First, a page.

"Call unto the way of thy Lord with wisdom and exhortation, and reason with them in the better way. Lo! thy Lord is best aware of him who strayed from His way, and He is best aware of those who go aright ". (Surah VI, verse 125).

            Then came the phase of armed resistance when the Prophet was in a better position in Yathrib, and when fighting against polytheists was divinely permitted

            "Sanction is given unto those who are fought, having been wronged; and Allah is indeed Able to give them victory. Those who have been driven from their homes unjustly only because they say : Our Lord is Allah ! (Surah XXII, verses 39, 40 in part).

            This is the very word truth for the utterance of which the Muslims were subjected to merciless war which drove them out of property and home, and which they were permitted to resist by active fighting. At first the battle was between the Muslims and their active enemies, Quraish and their allies. It was fortunate that their passive enemies, the Jews, had not then showed their hand and for a time kept their pact with the Prophet, otherwise he would have had to fight on two fronts.

     
            As the war developed, the laws of war were gradually laid down by revelation as occasion arose, as appears from many verses of the holy Qur'an, of which the following may be quoted:

          "Fight in the way of Allah against those who fight against you ; but begin not hostilities. Lo ! Allah loveth not aggressors. And slay them wherever you find them, and drive them out of the places whence they drove you out, for persecution is worse than slaughter. And fight not with them at the Inviolable Place of Worship until they first attack you there, but if they attack you then slay them. Such is the reward of disbelievers. But if they desist, then Lo! Allah is Forgiving, Merciful. And fight them until persecution is no more and religion is for Allah. But if they desist, then let there be no hostility except against the wrong doers". (Surah II, verses 190-193).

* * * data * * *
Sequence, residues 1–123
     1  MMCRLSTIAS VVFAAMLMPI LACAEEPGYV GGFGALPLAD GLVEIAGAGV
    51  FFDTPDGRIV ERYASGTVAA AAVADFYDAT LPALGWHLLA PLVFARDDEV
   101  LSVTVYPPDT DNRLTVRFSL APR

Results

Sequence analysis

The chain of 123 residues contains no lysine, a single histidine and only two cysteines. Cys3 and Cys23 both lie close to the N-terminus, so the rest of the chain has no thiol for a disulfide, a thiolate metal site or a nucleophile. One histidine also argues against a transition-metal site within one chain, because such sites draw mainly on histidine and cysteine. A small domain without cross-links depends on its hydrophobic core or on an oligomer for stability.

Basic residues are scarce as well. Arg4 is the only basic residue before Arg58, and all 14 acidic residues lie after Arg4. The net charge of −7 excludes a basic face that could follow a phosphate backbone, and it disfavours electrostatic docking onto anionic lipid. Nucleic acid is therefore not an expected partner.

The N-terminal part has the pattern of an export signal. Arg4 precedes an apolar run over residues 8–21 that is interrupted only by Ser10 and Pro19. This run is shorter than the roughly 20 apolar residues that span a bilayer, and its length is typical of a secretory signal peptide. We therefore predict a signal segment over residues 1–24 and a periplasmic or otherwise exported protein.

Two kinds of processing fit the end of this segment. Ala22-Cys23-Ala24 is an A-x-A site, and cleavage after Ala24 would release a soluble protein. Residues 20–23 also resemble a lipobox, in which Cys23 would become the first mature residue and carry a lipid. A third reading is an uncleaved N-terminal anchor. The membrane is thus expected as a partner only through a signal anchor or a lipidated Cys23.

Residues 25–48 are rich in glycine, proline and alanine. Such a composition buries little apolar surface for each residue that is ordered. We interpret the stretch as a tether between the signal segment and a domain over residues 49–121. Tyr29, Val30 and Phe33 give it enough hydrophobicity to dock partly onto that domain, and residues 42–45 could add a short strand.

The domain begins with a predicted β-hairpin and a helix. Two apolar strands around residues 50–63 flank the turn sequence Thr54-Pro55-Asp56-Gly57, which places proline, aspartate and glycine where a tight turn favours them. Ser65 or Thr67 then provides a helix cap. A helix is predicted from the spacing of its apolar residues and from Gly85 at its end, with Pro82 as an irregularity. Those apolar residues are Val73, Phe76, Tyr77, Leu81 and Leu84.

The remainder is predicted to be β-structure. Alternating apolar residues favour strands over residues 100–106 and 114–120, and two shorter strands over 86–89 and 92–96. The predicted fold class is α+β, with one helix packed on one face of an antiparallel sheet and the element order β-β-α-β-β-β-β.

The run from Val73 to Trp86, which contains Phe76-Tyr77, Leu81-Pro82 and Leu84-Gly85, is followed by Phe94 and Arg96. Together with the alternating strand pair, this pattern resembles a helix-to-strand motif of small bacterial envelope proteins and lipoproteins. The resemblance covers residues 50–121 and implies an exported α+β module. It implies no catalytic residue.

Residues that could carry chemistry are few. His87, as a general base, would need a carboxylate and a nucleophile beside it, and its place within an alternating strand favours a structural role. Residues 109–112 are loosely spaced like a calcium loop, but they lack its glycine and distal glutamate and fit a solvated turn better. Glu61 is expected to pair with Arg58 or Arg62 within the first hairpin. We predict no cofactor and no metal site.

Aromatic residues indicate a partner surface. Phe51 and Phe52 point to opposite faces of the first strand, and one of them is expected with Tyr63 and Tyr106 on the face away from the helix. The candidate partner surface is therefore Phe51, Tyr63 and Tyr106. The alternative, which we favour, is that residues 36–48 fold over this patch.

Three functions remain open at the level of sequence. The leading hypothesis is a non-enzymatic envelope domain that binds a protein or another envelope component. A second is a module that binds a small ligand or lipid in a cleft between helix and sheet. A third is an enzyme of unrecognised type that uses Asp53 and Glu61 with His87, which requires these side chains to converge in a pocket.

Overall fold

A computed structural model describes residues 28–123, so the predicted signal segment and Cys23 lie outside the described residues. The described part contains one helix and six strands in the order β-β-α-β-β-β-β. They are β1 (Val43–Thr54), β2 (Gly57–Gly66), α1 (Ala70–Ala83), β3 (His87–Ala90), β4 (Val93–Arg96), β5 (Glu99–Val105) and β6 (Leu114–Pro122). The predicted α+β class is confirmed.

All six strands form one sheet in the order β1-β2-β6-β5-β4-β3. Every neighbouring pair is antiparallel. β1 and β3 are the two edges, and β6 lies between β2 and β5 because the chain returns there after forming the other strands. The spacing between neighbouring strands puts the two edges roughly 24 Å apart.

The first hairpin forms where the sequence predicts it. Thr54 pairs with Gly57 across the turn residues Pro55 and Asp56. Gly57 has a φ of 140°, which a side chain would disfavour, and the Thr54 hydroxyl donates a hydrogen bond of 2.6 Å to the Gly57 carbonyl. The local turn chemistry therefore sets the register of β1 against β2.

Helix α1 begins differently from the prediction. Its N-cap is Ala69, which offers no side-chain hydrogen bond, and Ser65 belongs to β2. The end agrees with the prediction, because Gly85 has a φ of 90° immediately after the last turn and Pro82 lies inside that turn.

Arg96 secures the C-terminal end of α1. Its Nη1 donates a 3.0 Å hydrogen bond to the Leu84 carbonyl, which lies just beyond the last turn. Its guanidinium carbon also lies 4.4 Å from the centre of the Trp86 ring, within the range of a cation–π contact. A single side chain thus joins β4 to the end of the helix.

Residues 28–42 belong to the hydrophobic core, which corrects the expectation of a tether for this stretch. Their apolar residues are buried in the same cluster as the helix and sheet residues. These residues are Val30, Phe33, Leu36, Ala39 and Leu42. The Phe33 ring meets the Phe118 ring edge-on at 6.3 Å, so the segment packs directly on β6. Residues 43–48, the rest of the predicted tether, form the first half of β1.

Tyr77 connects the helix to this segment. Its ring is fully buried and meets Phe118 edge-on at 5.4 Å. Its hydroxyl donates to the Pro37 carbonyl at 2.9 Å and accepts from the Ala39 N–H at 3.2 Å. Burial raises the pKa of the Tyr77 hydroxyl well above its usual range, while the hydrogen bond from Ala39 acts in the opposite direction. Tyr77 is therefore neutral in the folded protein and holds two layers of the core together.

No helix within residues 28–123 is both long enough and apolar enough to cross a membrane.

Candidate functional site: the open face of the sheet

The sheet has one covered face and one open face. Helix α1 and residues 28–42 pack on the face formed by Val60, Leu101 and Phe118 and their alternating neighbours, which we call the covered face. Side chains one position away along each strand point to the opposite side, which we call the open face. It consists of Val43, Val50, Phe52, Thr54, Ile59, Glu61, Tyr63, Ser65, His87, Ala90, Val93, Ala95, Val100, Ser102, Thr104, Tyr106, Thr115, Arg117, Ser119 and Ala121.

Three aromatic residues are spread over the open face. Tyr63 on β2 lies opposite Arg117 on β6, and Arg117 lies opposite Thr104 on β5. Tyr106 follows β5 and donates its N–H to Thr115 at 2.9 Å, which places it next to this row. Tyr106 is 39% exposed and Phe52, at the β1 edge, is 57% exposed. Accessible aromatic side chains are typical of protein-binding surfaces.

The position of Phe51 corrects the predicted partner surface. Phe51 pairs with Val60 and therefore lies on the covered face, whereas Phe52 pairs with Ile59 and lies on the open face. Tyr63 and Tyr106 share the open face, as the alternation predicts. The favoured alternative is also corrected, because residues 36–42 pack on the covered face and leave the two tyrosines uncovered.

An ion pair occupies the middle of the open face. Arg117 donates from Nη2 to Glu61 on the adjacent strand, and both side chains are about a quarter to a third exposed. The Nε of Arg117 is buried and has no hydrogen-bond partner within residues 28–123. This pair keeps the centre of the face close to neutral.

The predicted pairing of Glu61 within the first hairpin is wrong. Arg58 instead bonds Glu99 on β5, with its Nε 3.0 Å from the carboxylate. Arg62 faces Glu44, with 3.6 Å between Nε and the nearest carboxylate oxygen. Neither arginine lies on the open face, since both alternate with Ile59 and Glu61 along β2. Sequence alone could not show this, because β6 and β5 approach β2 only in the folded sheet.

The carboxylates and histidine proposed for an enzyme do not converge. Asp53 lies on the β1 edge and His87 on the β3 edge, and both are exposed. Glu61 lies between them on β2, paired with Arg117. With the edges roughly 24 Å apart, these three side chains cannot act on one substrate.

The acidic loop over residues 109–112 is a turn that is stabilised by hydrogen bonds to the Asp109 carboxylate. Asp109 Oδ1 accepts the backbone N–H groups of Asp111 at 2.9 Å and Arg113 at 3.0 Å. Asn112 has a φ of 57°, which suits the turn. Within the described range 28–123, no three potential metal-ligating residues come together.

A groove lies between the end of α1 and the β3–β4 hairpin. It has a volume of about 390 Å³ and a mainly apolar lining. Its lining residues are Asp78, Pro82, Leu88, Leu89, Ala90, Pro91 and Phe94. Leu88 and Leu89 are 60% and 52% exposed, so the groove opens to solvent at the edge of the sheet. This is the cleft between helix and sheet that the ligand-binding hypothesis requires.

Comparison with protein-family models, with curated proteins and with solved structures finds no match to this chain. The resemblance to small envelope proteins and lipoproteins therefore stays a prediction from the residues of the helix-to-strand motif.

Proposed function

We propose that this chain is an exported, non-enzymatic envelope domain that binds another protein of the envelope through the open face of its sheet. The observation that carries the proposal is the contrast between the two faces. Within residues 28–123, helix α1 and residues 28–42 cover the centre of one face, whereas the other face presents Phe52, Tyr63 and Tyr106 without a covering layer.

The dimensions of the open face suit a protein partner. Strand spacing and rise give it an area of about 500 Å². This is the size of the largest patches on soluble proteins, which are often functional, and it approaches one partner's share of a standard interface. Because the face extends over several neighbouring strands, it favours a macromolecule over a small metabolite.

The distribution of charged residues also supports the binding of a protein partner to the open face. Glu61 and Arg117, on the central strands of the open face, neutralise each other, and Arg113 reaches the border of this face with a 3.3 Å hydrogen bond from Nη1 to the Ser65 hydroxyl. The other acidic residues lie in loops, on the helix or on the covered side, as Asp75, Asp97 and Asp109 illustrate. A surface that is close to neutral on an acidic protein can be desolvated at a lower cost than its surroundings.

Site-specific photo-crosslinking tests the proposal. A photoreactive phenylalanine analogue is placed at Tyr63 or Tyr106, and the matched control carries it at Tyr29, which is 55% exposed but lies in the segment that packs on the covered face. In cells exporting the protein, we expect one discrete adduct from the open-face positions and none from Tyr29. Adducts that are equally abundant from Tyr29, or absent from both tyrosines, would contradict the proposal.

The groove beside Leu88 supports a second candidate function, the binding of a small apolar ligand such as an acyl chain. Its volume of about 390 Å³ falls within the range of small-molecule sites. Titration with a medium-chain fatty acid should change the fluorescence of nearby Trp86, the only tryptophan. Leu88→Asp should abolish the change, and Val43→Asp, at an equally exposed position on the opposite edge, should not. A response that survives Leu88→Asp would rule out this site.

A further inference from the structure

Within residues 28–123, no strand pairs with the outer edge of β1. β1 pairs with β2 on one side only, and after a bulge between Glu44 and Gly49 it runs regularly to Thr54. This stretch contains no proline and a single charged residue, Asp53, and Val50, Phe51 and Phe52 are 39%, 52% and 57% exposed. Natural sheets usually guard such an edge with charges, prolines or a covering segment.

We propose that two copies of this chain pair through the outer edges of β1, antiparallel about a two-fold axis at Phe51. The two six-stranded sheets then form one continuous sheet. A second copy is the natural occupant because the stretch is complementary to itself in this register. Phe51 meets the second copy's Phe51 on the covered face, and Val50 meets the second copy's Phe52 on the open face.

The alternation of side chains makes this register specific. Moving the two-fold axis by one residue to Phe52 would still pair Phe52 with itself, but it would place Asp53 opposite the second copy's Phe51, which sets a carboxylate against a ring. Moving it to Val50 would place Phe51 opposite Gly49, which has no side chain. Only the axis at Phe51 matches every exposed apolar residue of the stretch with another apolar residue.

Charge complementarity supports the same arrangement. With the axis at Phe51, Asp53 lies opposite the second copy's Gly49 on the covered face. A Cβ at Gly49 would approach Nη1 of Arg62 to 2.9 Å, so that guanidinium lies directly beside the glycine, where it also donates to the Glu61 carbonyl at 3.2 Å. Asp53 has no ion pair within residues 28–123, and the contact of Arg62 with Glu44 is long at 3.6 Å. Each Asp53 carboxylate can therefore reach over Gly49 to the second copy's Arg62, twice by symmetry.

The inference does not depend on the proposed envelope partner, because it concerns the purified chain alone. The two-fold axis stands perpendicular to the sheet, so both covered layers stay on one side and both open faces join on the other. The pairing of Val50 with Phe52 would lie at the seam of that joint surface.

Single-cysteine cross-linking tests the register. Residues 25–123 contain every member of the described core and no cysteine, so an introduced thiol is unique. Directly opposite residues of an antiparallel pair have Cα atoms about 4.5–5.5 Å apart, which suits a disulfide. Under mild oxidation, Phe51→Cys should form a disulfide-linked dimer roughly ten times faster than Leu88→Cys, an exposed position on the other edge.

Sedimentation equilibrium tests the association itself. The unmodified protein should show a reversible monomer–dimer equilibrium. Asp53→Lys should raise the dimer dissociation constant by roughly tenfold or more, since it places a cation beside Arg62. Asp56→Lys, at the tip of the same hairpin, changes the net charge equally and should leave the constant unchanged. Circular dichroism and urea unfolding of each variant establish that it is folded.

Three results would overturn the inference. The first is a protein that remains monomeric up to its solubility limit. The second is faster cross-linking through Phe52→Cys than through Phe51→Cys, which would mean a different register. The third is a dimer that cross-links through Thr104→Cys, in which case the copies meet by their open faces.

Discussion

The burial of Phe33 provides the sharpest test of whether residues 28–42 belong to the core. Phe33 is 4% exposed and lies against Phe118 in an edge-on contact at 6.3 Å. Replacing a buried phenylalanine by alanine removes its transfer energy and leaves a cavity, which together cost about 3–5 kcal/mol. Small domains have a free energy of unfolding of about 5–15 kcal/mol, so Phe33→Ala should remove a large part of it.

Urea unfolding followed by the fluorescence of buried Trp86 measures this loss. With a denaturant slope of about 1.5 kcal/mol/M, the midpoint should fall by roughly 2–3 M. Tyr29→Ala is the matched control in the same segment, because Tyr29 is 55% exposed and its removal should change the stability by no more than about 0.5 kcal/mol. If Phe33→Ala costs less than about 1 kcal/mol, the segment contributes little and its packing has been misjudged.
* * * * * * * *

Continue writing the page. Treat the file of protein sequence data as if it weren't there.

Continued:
With the progress of war in this field, the Jews, of great power then in their several strongholds, began to break their pacts and be actively hostile, and were dealt with accordingly. The Prophet fought those other than the idolaters in obedience to the divine order.

         "Fight against such of those who have been given the Scripture as believe not in Allah nor the Last Day, and forbid not that which Allah hath forbidden by His messenger, and follow not the religion of truth until they pay the tribute readily, being brought low". (Surah IX, verse 29).

     

            Certain remanents of the defeated Jews sided with Quraish and other antagonistic tribes. Against them and all such, the Prophet and all the believers had to wage war in obedience to the divine order



            "And wage war on all of the idolaters as they are waging war on all of you. And know that Allah is with those who keep their duty (unto Him) ". (Surah IX, 36, in part). In explanation of this order the Prophet says:

            "I have been divinely ordered to fight the idolaters until they declare that there is no God except Allah. Once they declare it their property and blood are guaranteed except by law, the question of sincerity to be judged by Allah".

            The Islamic Call was addressed to the entire bulk of mankind in accordance with the divine texts:

         "Say (O Muhammad) O mankind! Lo! I am the messenger of Allah to you all", (Surah VII, 158 in part).

            "Glorified is He who hath revealed unto His slave the criterion (of right and wrong), that he may be a warner to all peoples". (Surah 25 verse 1).

     

            In addition to the above may be mentioned two decisive quotations from God's Book; the first

          "He it is who hath sent His messenger with the guidance and the Religion of Truth, that He may cause it to prevail over all religions, however. much the idolaters be averse" (Surah IX, verse 32) ; and the second

            "And We have not sent thee (O Muhammad) save as a bringer of good tidings and a warner unto all man kind; but most of mankind know not". (Surah 34, verse 28).</spa?>

            This being the position, fighting in the way of Allah had to be, and still is, a duty on every Muslim, male or female, if not for guaranteeing the freedom of preaching God's religion, it would be to defend it against all aggression. This explains the far-reaching divine exhortation to Muslim states and peoples:

            "And make ready for them all thou canst of (armed) force and of horses tethered, that thereby ye dismay the enemy of Allah and your enemy and others beside them whom ye know not. Allah knoweth them, Whatsoever ye spend in the way of Allah it will be repaid to you in full, and ye will not be wronged". (Surah VII, verse 60).